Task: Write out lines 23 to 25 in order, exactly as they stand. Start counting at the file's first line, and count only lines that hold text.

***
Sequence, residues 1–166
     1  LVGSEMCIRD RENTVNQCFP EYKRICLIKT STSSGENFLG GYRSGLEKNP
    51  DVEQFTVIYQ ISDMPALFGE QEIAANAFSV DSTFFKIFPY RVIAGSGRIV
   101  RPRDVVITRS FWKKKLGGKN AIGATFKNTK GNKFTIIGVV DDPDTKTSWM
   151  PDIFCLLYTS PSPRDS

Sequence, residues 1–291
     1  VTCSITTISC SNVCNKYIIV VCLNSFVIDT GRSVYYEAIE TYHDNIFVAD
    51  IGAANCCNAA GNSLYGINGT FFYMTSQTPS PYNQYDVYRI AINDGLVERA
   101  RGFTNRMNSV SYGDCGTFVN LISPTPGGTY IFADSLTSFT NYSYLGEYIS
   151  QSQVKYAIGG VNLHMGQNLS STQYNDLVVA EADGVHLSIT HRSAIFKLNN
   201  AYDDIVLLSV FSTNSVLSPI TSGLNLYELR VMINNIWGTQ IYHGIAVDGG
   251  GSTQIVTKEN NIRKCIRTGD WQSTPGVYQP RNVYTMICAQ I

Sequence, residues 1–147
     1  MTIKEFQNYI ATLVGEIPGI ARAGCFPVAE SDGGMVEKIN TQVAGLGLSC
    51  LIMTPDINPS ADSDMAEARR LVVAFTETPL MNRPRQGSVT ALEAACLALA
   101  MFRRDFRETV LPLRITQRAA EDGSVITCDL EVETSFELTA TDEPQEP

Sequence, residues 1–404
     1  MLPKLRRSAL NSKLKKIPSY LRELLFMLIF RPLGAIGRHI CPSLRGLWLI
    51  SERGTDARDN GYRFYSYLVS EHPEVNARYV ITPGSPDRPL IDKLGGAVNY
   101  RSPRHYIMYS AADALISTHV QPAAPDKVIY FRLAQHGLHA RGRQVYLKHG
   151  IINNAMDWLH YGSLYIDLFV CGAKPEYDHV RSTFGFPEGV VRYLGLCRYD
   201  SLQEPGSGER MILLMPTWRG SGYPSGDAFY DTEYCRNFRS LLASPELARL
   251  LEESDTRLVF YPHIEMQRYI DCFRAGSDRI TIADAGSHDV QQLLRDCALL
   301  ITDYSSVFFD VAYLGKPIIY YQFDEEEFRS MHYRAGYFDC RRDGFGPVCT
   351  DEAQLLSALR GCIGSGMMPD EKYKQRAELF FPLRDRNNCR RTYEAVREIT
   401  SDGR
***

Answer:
   251  LEESDTRLVF YPHIEMQRYI DCFRAGSDRI TIADAGSHDV QQLLRDCALL
   301  ITDYSSVFFD VAYLGKPIIY YQFDEEEFRS MHYRAGYFDC RRDGFGPVCT
   351  DEAQLLSALR GCIGSGMMPD EKYKQRAELF FPLRDRNNCR RTYEAVREIT